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Is it possible to do a straight swap of a 2.8 Ghz Pentium 4 with a 3.4 Ghz Pentium 4 on an Intel motherboard? Do each of these chips have the same socket, or are they different?

How do I find out what specific processor (besides the speed, of course) that I have in my computer? How do I find out what socket it uses? If I have to look up the motherboard model information, where do I get the motherboard model from?

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If you're more specific in your questions, it will be easier to to answer it. Which P4 2.8 GHz? Which P4 3.4 GHz? Which motherboard? –  Dennis Jun 2 '12 at 14:36
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Understood. Next time, I'll do a little more research. However, I did run CPU-Z on the computer, and it determined the sockets are different. I highly recommend running CPU-Z to find info on your processor. It can also find out a bunch of info on other things, like RAM and your video card. –  mike Jun 4 '12 at 15:01

1 Answer 1

Generally speaking: yes, it is possible.

But:

  1. Check if the socket if the same. The P4 2.8GHZ probably uses socket 478. There are 3.4GHz P4's for the same socket 478 and for socket 775. So make sure you got the right CPU.
  2. Check the motherboard manual. The faster CPU might draw more power. The board needs to be able to supply this.
  3. Check the BIOS and optionally update the BIOS. An old BIOS might not recognize the new CPU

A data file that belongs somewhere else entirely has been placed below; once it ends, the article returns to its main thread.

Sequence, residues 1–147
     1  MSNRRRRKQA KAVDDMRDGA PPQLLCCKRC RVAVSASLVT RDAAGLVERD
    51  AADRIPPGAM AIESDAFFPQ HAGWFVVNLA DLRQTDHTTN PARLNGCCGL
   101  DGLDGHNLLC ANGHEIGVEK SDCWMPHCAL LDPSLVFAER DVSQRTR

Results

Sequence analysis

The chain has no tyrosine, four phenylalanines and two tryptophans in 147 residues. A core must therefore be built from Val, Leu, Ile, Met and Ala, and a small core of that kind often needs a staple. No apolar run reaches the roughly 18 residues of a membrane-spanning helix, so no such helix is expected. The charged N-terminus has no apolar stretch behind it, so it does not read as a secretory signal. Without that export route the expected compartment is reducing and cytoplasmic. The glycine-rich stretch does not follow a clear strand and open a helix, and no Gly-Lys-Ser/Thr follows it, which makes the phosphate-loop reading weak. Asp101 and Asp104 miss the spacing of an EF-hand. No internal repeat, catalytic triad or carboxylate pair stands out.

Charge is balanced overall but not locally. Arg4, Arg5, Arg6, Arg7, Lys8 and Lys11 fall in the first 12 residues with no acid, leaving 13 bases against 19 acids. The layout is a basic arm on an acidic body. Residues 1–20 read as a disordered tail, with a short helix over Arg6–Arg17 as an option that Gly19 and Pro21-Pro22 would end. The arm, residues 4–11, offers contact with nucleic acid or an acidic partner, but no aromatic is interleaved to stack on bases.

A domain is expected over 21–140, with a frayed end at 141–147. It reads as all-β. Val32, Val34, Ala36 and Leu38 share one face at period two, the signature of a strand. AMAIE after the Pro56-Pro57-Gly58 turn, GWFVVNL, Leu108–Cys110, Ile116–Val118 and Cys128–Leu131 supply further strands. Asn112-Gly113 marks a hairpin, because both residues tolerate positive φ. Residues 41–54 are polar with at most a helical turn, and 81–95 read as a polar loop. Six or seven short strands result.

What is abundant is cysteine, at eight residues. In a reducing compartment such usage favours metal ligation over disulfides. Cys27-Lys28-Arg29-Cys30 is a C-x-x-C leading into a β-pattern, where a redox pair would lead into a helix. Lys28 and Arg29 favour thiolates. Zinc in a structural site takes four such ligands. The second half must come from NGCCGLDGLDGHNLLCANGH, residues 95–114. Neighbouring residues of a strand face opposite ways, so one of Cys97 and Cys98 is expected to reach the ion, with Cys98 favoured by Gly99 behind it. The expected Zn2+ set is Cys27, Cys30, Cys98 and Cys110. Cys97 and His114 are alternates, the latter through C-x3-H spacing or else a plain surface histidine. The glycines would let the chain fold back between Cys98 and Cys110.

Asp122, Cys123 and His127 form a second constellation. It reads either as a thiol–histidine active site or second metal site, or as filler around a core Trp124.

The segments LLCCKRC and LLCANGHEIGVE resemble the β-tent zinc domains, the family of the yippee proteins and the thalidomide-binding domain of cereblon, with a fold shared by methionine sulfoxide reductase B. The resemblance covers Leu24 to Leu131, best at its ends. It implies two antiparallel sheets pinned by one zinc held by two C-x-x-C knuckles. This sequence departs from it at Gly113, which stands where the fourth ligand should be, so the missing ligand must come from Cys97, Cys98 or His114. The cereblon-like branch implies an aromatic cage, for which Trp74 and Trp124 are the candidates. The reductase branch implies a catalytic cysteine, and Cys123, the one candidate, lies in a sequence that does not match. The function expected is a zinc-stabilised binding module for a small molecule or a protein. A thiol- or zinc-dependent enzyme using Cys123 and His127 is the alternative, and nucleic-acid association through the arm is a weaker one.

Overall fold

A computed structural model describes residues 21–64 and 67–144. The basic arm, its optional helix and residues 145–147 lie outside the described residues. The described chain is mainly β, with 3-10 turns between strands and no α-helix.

4. Do you have sufficient cooling for a CPU which might run hotter.
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0. Check the CPU Support List for your motherboard before you start thinking about the next steps. –  Robert Niestroj Jun 2 '12 at 14:41
    
@RobertNiestroj While I agree that these 4 steps are not in the best order, what you suggest is covered under step 3. Any particular reason why you choose to be redundant? Or is it just that you don't understand that checking/updating a BIOS covers CPU compatibility... assuming the processors use the same socket of course. –  Bon Gart Jun 2 '12 at 15:04
    
@Bon Gart which BIOS guarantees you compatibility with all processors made for a specific socket? Especially on P4 class boards i found a few times that BIOS update is not enough. Sometimes if you got a Rev. 1.0 board i just does not support some newer processors, no matter what BIOS you have. Then processor support is added in following revisions of the motherboard. Last time i had this issue 3 months ago with a ECS P4S5A Rev 1.0 or sth like that. –  Robert Niestroj Jun 2 '12 at 15:19
    
@RobertNiestroj That's kind of silly. No BIOS guarantees you compatibility. But when you go to update the BIOS, and the update lists no additional CPU support added, and your CPU was the fastest one supported as per the description of what was included in your current BIOS revision... then you know whether or not your current BIOS or an update will add support for a faster processor. Don't you read the details on BIOS revisions? Who just blindly updates a BIOS without reading what the update does? –  Bon Gart Jun 2 '12 at 15:28
    
@BonGart i always read BIOS descriptions before even downloading. The question was if he can uprgrade his CPU straight. If the upgrade CPU is not supported by any BIOS you can put in your Mobo then upgrading the BIOS is pointless. –  Robert Niestroj Jun 2 '12 at 15:53

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